The signaling pathways of Epstein-Barr virus-encoded latent membrane protein 2A (LMP2A) in latency and cancer.

Cancer Center Karolinska, Department of Oncology-Pathology, Karolinska Institutet, Stockholm, Sweden.
Cellular & Molecular Biology Letters (Impact Factor: 1.78). 01/2009; 14(2):222-47. DOI: 10.2478/s11658-008-0045-2
Source: PubMed

ABSTRACT Epstein-Barr virus (EBV) is a ubiquitous virus with infections commonly resulting in a latency carrier state. Although the exact role of EBV in cancer pathogenesis remains not entirely clear, it is highly probable that it causes several lymphoid and epithelial malignancies, such as Hodgkin's lymphoma, NK-T cell lymphoma, Burkitt's lymphoma, and nasopharyngeal carcinoma. EBV-associated malignancies are associated with a latent form of infection, and several of these EBV-encoded latent proteins are known to mediate cellular transformation. These include six nuclear antigens and three latent membrane proteins. Studies have shown that EBV displays distinct patterns of viral latent gene expression in these lymphoid and epithelial tumors. The constant expression of latent membrane protein 2A (LMP2A) at the RNA level in both primary and metastatic tumors suggests that this protein might be a driving factor in the tumorigenesis of EBV-associated malignancies. LMP2A may cooperate with the aberrant host genome, and thereby contribute to malignant transformation by intervening in signaling pathways at multiple points, especially in the cell cycle and apoptotic pathway. This review summarizes the role of EBV-encoded LMP2A in EBV-associated viral latency and cancers. We will focus our discussions on the molecular interactions of each of the conserved motifs in LMP2A, and their involvement in various signaling pathways, namely the B-cell receptor blockade mechanism, the ubiquitin-mediated (Notch and Wnt) pathways, and the MAPK, PI3-K/Akt, NK-kappaB and STAT pathways, which can provide us with important insights into the roles of LMP2A in the EBV-associated latency state and various malignancies.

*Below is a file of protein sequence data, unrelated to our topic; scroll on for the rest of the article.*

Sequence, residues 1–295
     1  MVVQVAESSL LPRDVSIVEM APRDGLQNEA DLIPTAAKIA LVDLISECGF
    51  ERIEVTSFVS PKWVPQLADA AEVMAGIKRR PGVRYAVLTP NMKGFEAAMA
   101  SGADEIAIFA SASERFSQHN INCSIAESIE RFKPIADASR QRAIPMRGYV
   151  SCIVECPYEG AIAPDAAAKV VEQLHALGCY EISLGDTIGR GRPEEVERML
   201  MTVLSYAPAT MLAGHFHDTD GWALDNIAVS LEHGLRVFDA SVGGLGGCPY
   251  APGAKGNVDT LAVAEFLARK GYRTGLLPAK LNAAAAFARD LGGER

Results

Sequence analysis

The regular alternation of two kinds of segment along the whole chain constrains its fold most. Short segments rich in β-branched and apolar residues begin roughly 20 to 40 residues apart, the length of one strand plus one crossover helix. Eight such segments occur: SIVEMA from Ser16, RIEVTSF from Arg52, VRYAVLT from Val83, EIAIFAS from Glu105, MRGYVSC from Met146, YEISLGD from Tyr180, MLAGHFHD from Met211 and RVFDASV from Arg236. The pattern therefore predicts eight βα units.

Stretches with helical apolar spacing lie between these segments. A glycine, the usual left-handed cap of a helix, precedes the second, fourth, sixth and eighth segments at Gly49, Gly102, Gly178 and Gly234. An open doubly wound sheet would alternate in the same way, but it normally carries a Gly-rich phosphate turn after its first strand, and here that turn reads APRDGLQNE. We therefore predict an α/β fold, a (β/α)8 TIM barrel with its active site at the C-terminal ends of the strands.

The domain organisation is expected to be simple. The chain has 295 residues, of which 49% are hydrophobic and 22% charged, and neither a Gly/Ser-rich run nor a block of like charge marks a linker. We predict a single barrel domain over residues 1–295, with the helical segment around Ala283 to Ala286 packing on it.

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    ABSTRACT: WW domain-containing oxidoreductase (WWOX) is a well-documented tumor suppressor protein that controls growth, survival, and metastasis of malignant cells. To counteract WWOX's suppressive effects, cancer cells have developed many strategies either to downregulate WWOX expression or to functionally inactivate WWOX. Relatively unknown is, in the context of those cancers associated with certain viruses or bacteria, how the oncogenic pathogens deal with WWOX. Here we review recent studies showing different strategies utilized by three cancer-associated pathogens. Helicobactor pylori reduces WWOX expression through promoter hypermethylation, an epigenetic mechanism also occurring in many other cancer cells. WWOX has a potential to block canonical NF-κB activation and tumorigenesis induced by Tax, an oncoprotein of human T-cell leukemia virus. Tax successfully overcomes the blockage by inhibiting WWOX expression through activation of the non-canonical NF-κB pathway. On the other hand, latent membrane protein 2A of Epstein-Barr virus physically interacts with WWOX and redirects its function to trigger a signaling pathway that upregulates matrix metalloproteinase 9 and cancer cell invasion. These reports may be just "the tip of the iceberg" regarding multiple interactions between WWOX and oncogenic microbes. Further studies in this direction should expand our understanding of infection-driven oncogenesis. © 2014 by the Society for Experimental Biology and Medicine.
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May 23, 2014

Mei-Fong Pang